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Thank you Amjad, I didn't know sea buckthorne really, and I'll search more information, although I doubt I can find it here easily...
As to woodchips, I thought that the N robbing was more in case you mix it with the soil and not when you put it on top of it.
Subterranean clover looks a good idea Crt Jakhel, I'll search on its suitability for my place.
Thanks for the feedbacks
 
John Polk
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I live in Central-northern Portugal, by the way, at 1000m (don't know which zone would that be...).

Here is a rendition of Portugal divided into USDA hardiness zones for your reference.
At least when people talk the different zones, it won't be a complete mystery to you.

USDA zones PORTUGAL.PNG
[Thumbnail for USDA zones PORTUGAL.PNG]
Temps.PNG
[Thumbnail for Temps.PNG]
 
Annalisa Bellu
Posts: 22
Location: Serra de Montemuro, Portugal
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Thanks John! What does the temperatures relate to? Lowest? Or average low?
 
John Polk
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The temperatures are the Average Winter Lows.

The U.S. maps are fairly accurate, but I am not sure how much effort has been placed on non-US maps, as I believe that they are done by 3rd parties (who may not have complete & accurate data). However, it does give you a reference when somebody says "This plant is hardy to Zone 6".
 
Crt Jakhel
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Annalisa Bellu wrote:As to woodchips, I thought that the N robbing was more in case you mix it with the soil and not when you put it on top of it.


That's correct but the berries' root systems are usually quite shallow, near the surface. So it would not be wrong to give the chips a small hint which nitrogen to use.
 
Annalisa Bellu
Posts: 22
Location: Serra de Montemuro, Portugal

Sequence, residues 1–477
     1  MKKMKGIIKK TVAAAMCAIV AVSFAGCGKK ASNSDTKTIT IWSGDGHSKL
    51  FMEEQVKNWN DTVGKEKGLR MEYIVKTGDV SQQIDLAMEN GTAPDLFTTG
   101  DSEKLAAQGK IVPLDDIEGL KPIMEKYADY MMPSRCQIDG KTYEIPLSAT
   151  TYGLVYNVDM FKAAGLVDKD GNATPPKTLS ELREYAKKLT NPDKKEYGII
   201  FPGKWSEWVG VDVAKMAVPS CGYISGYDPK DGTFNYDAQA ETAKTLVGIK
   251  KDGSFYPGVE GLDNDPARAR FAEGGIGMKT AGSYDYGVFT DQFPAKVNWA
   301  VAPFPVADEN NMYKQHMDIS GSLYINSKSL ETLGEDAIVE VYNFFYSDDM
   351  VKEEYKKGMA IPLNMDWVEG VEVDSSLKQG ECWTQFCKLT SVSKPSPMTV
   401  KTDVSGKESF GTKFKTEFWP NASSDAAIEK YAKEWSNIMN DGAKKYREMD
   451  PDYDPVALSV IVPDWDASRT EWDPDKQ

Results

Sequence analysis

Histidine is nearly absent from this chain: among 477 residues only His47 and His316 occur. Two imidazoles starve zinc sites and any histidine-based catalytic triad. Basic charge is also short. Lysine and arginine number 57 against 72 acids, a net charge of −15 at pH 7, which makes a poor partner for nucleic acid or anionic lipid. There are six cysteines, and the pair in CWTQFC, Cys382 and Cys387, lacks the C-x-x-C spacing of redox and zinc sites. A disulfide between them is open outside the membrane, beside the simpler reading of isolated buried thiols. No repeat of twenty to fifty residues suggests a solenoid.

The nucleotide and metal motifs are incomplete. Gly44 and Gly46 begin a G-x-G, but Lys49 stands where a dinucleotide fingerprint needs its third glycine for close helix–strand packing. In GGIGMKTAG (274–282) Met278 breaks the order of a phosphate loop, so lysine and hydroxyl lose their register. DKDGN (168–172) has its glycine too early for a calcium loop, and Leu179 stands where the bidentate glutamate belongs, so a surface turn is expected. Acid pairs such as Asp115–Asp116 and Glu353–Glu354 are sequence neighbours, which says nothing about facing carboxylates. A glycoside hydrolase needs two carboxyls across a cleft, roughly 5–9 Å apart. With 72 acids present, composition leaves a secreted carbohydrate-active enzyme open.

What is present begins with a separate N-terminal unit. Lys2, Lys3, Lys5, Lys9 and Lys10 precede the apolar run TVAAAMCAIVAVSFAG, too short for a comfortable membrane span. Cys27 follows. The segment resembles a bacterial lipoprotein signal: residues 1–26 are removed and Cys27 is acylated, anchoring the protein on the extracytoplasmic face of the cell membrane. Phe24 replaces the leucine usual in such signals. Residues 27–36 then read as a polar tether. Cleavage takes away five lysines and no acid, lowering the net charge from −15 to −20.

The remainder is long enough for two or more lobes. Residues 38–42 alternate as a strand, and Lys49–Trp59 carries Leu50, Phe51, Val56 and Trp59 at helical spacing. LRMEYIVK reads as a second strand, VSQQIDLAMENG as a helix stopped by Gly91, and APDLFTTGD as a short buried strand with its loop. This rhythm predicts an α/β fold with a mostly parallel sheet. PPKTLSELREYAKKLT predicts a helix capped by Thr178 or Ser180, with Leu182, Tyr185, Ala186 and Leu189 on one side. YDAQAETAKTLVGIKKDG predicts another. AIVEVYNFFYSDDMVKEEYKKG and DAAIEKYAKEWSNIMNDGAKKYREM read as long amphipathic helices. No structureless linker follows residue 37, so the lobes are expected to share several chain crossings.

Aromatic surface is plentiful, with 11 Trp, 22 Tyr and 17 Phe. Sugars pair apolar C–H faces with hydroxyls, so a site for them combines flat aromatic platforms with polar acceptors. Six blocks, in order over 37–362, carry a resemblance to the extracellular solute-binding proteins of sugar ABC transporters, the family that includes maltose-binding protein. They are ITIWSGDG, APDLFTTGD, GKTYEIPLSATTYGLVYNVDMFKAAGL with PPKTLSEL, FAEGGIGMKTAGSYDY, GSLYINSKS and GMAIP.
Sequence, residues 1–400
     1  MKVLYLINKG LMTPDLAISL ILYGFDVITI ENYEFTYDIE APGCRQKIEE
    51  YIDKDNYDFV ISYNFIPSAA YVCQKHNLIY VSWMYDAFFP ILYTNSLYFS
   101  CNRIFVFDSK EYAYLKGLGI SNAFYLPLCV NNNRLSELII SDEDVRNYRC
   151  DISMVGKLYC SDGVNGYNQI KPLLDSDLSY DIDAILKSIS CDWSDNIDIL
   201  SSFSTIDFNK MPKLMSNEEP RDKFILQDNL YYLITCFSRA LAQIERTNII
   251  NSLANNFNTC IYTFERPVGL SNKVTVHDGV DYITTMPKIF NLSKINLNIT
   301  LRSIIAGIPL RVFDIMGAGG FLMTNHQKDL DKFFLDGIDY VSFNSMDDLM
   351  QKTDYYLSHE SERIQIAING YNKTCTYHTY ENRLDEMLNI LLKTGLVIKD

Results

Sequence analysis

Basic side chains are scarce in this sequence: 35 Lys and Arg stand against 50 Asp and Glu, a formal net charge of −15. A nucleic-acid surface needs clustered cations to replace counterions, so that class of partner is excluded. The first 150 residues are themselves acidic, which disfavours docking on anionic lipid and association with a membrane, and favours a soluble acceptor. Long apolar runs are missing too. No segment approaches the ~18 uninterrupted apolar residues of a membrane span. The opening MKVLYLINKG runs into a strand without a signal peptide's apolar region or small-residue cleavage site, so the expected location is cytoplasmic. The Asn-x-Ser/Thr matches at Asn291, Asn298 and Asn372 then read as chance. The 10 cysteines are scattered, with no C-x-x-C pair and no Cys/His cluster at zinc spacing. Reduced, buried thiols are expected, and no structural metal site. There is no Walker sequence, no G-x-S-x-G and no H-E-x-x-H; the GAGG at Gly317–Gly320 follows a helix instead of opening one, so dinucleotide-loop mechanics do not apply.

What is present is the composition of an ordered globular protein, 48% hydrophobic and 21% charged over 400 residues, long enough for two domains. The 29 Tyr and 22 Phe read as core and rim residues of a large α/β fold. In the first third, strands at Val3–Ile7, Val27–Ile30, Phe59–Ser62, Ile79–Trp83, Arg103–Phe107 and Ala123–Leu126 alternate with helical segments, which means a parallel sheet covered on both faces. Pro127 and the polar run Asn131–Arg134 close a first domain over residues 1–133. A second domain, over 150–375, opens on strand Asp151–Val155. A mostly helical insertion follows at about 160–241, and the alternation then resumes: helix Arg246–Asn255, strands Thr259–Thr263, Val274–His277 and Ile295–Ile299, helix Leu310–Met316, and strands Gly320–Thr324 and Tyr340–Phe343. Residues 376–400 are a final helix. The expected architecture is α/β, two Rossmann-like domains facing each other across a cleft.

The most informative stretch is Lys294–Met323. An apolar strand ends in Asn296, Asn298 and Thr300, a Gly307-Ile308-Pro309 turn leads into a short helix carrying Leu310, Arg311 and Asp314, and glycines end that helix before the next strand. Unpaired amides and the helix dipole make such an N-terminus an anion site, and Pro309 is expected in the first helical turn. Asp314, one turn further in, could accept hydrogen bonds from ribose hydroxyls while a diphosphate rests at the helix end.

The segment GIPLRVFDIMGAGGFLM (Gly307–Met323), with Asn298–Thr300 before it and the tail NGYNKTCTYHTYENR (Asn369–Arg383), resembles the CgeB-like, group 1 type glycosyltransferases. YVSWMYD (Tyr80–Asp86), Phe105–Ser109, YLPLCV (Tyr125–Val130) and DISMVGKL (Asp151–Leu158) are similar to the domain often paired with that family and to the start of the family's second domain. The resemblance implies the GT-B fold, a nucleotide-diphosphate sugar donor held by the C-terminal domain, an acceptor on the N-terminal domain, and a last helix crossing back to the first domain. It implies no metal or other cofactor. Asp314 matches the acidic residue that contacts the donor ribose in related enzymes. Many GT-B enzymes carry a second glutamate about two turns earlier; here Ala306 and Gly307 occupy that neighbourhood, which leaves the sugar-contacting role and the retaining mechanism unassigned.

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Ok John, thank you. It might be correct for my specific area, since I live on the mountain (1000m) and it can be very cold during winter time. The real problem with my area (and similar ones) is not the winter lowest but more the spring (even late spring) sudden drops of temperature (Does the USDA zoning deal with this kind of situation?). That's why I love berries, cause they don't seem to mind the climate at all! And off course 'cause they're delicious!
 
John Polk
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Those maps basically just tell you how cold you can expect.
Within each area, we also have what is known as first/last frost dates.
(Those are also averages.)

For my location, I can expect about 120 frost free days between last frost and first frost...my "growing season".
That is real handy in places with short growing seasons. Heat loving annuals need to be started indoors, and once the danger of frost has passed, we can begin setting them outdoors. Still have to keep tabs on the weather reports in case there is an expected late frost after the plants have been planted out. Row covers, hot water bottles, or other means of protection needs to be at the ready for such times. If the last frost is late, and the first frost is early, things like tomatoes & peppers won't have enough time to mature without some measure of protection.

What is most devistating is an early warm spell. That will 'trick' fruit trees into setting blossoms early. Then along comes a late frost and wipes out the blossoms, which translates to no fruit that year.

 
Annalisa Bellu
Posts: 22
Location: Serra de Montemuro, Portugal
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Absolutely true. It happens here, especially with plums.